It’s amazing that at least six years into the golden era of advocacy documentary filmmaking, a major newspaper with a thriving arts and culture section should feel the need to ask this question, but apparently there are some journalists and filmmakers who think any documentary film that does not try to be ‘objective’ somehow fails to deserve to even be categorized as ‘documentary.’
As the distributor of over fifty documentary films (can you believe that?!? Disinformation has been busy since our first DVD release in 2004…), here at The Disinformation Company we feel that the advocacy films we release are disseminating information and opinion to counter the mainstream and establishment views on the issues at hand (usually our filmmakers are reacting against a government or corporate whitewash). The advent of cheap video cameras and editing software has made it possible for some very bad docs to be made (believe me, we see a lot of them), but they’re still documentaries. So to us, the issue is quality, not category. Well here’s the Guardian article, but please feel free to comment your views:
This year, the normally clubby atmosphere of Sheffield’s documentarists’ convention has been shaken by a genuine row. The intensity of the debate at the Campaigning Documentaries: The Thin Line Between Passion and Propaganda session reflects the seriousness of what’s at stake. It’s not just the future of the genre that hangs in the balance, but its very identity.
One side maintains that documentary-making must be open-minded, impartial and journalistic. Its purpose should be to help people understand, not to encourage them to emote. The other side insists that the whole point of documentary-making is to effect desirable change. Campaigning is to be relished, not shunned.
In the eyes of the journalists, committed films don’t deserve to be called documentaries. They’re propaganda, corporate video or advertising. The campaigners, however, refuse to yield up the cherished label. For them, a documentary that carries an emphatic message is probably the better for it.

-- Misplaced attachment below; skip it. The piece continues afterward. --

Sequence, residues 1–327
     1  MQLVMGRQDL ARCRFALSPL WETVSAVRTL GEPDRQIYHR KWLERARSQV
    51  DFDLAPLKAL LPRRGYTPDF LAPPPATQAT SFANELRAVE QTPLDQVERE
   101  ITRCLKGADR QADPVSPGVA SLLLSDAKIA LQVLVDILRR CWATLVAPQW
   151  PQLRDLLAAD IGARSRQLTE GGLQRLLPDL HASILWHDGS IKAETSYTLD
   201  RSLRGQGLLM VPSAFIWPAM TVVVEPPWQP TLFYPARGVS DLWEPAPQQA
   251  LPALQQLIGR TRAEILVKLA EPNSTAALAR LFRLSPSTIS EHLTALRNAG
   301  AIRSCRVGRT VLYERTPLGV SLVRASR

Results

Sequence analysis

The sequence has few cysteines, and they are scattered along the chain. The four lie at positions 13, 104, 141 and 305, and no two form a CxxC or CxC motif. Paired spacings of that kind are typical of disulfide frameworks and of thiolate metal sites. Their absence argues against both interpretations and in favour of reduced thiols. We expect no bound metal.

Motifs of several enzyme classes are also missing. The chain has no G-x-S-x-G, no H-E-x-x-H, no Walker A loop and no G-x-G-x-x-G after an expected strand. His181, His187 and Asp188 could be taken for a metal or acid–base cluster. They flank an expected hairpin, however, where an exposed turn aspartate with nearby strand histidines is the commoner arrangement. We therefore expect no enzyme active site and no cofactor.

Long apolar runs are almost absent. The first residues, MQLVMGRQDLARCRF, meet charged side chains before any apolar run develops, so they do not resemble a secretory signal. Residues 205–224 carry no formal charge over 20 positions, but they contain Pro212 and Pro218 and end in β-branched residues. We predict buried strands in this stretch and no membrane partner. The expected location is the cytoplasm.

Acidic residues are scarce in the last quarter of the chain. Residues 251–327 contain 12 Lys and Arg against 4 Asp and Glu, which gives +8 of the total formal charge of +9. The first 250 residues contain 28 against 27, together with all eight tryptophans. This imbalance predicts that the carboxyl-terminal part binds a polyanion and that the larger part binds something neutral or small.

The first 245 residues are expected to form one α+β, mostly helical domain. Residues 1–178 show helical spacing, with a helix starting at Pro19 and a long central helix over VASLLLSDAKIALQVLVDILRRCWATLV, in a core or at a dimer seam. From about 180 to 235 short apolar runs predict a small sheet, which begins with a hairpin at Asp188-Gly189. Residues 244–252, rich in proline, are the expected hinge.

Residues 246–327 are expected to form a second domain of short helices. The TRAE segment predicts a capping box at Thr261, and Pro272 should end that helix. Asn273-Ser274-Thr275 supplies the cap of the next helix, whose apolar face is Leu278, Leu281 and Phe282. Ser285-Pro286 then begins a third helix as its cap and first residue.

The campaigners are winning and the journalists are losing. It’s not intellectual argument that’s deciding the issue; it’s economics. The money for objective documentary-making is drying up, just like the money for print journalism. Yet committed films can find financial backers, so long as the film-maker’s commitment matches the backer’s.
The appearance of independence makes documentaries ideal vehicles for promoting corporate interests. Nowadays, NGOs, charities, single-issue lobby groups and the like sometimes have lots of money. Co-opting documentarists can prove an effective way of spending it. Plenty of film-makers are only too willing to play ball. After all, they want to make films. As Nick Fraser, the editor of the BBC’s Storyville strand, said at the heated Doc/Fest session: “If Dr Goebbels appeared with a huge sack of money, there would be documentary film-makers queueing around the block to take it.”
Thus it is that many of the so-called documentaries now appearing, even on the big screen, turn out to have been dependent on “social change finance”. The Vanishing of the Bees was seen by some as a plug for one of its sponsors, the Co-op, which is using bee-friendliness to enhance its green credentials. The End of the Line reeled in its sustenance from a raft of not-for-profit foundations, the WWF, the Marine Conservation Society, Oceana, Waitrose and Channel 4’s Britdoc, which specialises in mating up indigent film-makers with institutional grubstakers…
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